The Lobster In The Room
Conveniently left off my roster of optimistic assumptions is (not inconsequently) the toughest position in all of sports. The 2017 version of our beloved (r)orange helmets features three options which as of this writing, more or less all stand an equal chance of being the opening day starter. At this moment, it appears that 2016 third-round pick Cody Kessler is probably the favorite.
Coach Hue has stated that he deserves to be the first guy out but has also said that it can change. The other candidates are offseason pickup Brock Osweiler and rookie 2nd rounder DeShone Kizer.
That it can change is nice, and not because I am averse to Kessler. I actually believe that this team quarterbacked by Cody Kessler for sixteen games would result in a playoff berth - particularly if we commit to the running game. However, while things can change I think it’s likely tfor Cody to hold onto the job, and be the opening day starter. He’ll look pretty good too, for a while.
The problem is idea of him lasting sixteen games seems pretty impossible given the injuries he suffered during his rookie season. I would love for that to be the case because I think he does a lot of things well that are necessary to for Quarterbacking at the NFL level. I just can’t get past the certainty that he’s going to get busted up and probably very early in the season, leading to us having year number 17/18 of not having the same QB start every game.
Enter in Brock Osweiler (affectionately by many and probably derisively by some) known around these parts as “Brock Lobster”. He at that point would be entering in after having not spent the entire offseason with the starting offense, and would have his struggles as a result. It’s not as if he doesn’t have deficiencies of his own considering we were essentially paid-off to take him away from Houston. In fact, what the Browns did to the Texans this year might be criminal.
Depending on how far into the season ‘The Lobster steps in after Kessler’s inevitable injury, we’ll start accumulating the losses fairly steadily. At some point, and definitely by the final week, we’ll see Kizer.
I’m not one of those that assumes that Kizer just ABSOLUTELY could not be successful starting his rookie year, but I would decrease the odds substantially if he doesn't spend the entire offseason getting the reps with the starting unit and deep into a bad season. At that point, it will be interesting to watch what he does, but I’d venture to guess most will instead be watching to see if any of the coveted underclassmen playing in college will declare for next year’s draft, and if we can get one. I don’t think we will, but that’s a separate issue.
So with still much of this roster, talented though it is, mostly young and still gelling, along with mediocre-to-bad QB play stemming from injury (as last year) you can see where I’m going with this. I suppose we could get lucky, but then how often does that happen? More likely is we’re in a few games despite the lackluster QB effort and end up losing due to some wacky bounces. It’s bound to happen.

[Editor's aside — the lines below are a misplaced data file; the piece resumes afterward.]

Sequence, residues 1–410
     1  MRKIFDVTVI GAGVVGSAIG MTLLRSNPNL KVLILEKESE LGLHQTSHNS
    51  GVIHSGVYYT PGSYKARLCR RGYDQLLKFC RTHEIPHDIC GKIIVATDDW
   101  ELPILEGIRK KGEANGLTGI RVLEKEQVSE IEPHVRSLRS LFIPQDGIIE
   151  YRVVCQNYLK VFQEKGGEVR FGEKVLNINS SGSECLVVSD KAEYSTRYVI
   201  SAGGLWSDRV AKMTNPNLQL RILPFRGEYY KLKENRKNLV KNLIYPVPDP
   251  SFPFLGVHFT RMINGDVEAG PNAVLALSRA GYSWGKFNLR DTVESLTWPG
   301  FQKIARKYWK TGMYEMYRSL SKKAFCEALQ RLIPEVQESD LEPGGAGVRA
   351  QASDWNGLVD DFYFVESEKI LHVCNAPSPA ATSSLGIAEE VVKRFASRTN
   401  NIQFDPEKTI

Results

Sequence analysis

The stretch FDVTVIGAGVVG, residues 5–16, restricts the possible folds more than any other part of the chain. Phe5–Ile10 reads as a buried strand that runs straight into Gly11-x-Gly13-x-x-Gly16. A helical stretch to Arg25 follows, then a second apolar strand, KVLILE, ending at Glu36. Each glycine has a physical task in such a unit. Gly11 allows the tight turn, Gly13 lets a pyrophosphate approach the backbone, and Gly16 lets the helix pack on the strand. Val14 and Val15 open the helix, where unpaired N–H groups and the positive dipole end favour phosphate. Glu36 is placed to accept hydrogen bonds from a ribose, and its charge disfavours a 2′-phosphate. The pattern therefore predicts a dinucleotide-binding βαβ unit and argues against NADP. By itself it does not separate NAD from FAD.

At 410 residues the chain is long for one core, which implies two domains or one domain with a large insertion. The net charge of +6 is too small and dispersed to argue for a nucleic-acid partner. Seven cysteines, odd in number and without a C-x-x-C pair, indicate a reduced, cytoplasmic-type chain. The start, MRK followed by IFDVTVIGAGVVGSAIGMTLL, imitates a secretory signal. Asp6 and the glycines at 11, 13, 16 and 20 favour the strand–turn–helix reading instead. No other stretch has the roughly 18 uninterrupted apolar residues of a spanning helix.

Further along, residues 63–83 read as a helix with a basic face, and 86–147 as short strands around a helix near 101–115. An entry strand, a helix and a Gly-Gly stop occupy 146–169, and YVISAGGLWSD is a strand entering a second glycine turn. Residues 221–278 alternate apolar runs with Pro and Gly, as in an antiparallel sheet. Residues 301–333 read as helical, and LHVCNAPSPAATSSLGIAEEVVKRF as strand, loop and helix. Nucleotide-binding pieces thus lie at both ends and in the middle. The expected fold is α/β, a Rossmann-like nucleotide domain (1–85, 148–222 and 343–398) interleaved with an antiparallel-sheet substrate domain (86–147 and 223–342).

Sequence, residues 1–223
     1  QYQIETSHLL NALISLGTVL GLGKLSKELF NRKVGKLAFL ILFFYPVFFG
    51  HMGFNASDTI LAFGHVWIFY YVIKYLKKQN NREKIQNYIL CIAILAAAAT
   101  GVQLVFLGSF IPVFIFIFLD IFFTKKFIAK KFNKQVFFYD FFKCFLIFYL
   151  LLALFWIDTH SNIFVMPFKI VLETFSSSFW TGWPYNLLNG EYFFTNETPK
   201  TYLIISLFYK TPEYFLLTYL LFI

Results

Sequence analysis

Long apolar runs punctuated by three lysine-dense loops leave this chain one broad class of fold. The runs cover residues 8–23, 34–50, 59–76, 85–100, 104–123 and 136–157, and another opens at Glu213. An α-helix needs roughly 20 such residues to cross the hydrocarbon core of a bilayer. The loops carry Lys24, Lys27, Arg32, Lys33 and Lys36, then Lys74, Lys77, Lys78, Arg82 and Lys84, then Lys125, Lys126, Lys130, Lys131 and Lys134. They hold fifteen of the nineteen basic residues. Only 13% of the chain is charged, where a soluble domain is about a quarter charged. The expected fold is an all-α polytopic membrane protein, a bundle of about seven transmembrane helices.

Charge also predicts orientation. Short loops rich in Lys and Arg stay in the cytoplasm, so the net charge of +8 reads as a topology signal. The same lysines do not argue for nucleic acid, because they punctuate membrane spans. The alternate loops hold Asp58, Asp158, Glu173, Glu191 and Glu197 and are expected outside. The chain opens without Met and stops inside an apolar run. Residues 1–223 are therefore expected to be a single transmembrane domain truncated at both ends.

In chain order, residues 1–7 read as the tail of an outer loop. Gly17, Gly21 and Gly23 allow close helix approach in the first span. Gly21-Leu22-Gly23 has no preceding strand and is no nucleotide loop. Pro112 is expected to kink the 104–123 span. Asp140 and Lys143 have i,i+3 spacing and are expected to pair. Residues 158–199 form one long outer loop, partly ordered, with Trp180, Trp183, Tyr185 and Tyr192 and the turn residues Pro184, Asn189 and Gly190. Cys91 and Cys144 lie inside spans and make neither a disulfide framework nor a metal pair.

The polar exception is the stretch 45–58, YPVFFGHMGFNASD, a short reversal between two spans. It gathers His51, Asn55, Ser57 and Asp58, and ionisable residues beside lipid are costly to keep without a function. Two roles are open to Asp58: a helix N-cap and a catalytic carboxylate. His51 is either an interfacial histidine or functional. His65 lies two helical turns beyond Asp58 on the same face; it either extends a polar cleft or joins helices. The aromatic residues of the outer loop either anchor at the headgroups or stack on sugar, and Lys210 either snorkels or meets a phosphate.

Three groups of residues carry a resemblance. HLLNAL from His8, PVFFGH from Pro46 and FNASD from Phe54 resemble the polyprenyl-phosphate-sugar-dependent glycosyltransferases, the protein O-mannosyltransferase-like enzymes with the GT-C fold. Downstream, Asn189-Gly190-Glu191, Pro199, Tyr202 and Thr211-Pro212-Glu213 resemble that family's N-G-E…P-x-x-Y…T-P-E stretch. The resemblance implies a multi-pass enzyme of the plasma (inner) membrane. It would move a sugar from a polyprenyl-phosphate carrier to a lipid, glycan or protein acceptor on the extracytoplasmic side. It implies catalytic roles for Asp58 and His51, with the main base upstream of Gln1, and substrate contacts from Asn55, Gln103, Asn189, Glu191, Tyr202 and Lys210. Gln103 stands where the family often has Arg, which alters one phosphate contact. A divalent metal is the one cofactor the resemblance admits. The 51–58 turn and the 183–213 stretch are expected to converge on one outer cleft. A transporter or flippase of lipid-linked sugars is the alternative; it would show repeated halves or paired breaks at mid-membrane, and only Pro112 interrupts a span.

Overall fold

The Good News
Whatever happens in 2017, the Browns are absolutely stacked with assets heading into the future. Already armed with 12 picks (including FIVE in the first two rounds) it will also figure for Sashi to continue to multiplying what he started with along with drafting a bunch more players. That number of drafted players existing on the team simultaneously might get up to 40 or so, which would be insanity.
We’ll figure to see improvements amongst all those position groups I mentioned earlier. The best part about all of them is there is tons of room for growth from a strong base. That talent will showcase itself and we will compete harder and overall be a better looking team. The quarterback dynamic will be the downfall in many close games, and that’s ok. We figure to be much improved, but not enough to be winners, not just yet.
So how then, can I be optimistic while expecting another terrible season? Well in the first place, 4-12 can be fun if we see that talent developing with the young guys. Moreover, what I’m actually optimistic about is that going 4-12 after going 1-15 will not result in what Sashi and team have been building being summarily dispatched, as usually happens. I really, really love what this team is doing, and I am more than happy with going through yet another bad year. However another tear-down/rebuild would be fairly devastating. Let’s hope we don’t have to deal with that again for a very, very long time.
One Last Thing
On Friday night the Cleveland Cavaliers played, in my opinion, the most impressive game in franchise history. They now find themselves in the exact same position they were in a year ago at this time, though the task certainly seems more daunting. Nevertheless, the defending champs did not allow a sweep and denied the Warriors their perfect offseason.
Game five is Monday night. I am hopeful/optimistic and all that, but I’m just going to watch and see what happens. Last year, when the Cavs won game seven, over at Fear The Sword they placed a banner on the top of their site, memorializing the Cavaliers’ first championship. The article that banner linked to is here. I would recommend that you take a look at it and enjoy that feeling again, either before or after game five. That championship meant so, so very much, and however these Finals play out, that never changes. Take it in again, you’ll be happy you did.
Have a wonderful Sunday.
What Are Your Expectations For 2017?
This poll is closed
Under 4 wins, same old same old
4 to 8 wins, solid to surprising improvement
A winning season, maybe even playoffs